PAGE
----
About Half of Dermatologists in U.S. Employ Dermatoscopy
Use of the technique associated with younger age, involvement in resident teaching
FRIDAY, Aug. 20 (HealthDay News) -- About half of U.S. dermatologists use dermatoscopy, and they tend to be younger, involved in resident teaching, or trained in dermatoscopy, according to the results of a survey published in the September issue of the Journal of the American Academy of Dermatology.
Holly C. Engasser, of the Minneapolis Department of Veterans Affairs Medical Center, and Erin M. Warshaw, M.D., of the University of Minnesota in Minneapolis, sent surveys regarding use of dermatoscopy to 8,501 U.S. fellows of the American Academy of Dermatology.
Among the 3,238 respondents, 48 percent said they used dermatoscopy. The researchers found that use of dermatoscopy was associated with age under 50 years, being female, practice location in the Northeast, involvement in resident teaching, and having received dermatoscopy training. The leading reasons cited for not using dermatoscopy were lack of training (39.7 percent), lack of interest (32.5 percent), time required for dermatoscopic patient exams (27.6 percent), and belief dermatoscopy would not have an effect on clinical decisions (15.2 percent).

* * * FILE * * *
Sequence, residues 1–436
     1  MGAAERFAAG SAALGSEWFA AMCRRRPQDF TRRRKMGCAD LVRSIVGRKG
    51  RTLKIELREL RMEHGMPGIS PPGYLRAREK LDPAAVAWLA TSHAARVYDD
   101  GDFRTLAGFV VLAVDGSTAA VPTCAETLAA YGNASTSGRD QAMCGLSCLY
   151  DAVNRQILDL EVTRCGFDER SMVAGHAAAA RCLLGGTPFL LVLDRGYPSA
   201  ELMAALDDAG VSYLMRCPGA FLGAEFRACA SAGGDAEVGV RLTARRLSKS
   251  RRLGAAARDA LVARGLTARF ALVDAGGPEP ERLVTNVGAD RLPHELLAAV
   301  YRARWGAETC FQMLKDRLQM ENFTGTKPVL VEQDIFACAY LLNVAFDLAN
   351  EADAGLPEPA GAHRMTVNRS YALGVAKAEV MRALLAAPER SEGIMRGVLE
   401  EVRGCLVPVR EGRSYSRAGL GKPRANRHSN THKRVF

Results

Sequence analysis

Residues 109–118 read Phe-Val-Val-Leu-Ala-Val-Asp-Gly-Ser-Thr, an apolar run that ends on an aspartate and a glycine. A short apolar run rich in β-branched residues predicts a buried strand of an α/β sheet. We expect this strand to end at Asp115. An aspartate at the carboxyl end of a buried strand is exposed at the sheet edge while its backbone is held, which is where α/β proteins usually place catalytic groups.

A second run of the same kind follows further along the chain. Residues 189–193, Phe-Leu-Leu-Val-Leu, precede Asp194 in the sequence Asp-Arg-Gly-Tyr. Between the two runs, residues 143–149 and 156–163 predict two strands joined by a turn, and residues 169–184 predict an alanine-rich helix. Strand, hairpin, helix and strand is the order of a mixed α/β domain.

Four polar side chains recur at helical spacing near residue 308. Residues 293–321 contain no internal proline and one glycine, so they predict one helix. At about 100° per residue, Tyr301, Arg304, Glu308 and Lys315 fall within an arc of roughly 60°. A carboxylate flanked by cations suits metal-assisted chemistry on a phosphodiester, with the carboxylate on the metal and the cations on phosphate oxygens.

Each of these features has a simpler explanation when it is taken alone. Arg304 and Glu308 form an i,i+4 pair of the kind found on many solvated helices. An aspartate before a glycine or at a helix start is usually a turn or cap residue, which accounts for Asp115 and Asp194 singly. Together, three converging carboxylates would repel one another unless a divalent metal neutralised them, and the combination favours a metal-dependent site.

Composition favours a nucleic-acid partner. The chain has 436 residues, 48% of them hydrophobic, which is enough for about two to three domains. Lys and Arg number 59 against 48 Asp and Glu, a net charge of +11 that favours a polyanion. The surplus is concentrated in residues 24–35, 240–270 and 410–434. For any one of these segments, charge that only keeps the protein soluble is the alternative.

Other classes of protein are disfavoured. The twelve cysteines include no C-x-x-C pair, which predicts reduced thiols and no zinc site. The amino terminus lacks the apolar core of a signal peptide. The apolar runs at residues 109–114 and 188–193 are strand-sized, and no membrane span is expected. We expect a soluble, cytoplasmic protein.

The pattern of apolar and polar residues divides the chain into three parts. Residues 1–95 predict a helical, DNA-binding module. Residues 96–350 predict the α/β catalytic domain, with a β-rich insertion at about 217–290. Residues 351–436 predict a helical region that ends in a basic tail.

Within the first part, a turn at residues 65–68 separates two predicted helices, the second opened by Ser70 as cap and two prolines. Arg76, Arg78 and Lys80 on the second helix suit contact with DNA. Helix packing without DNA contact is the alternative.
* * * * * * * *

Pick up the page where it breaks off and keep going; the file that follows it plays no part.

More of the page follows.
"It is important for our medical specialty to not only continue to provide learning opportunities for our members but also support colleagues on the steep part of the dermatoscopy learning curve," the authors conclude.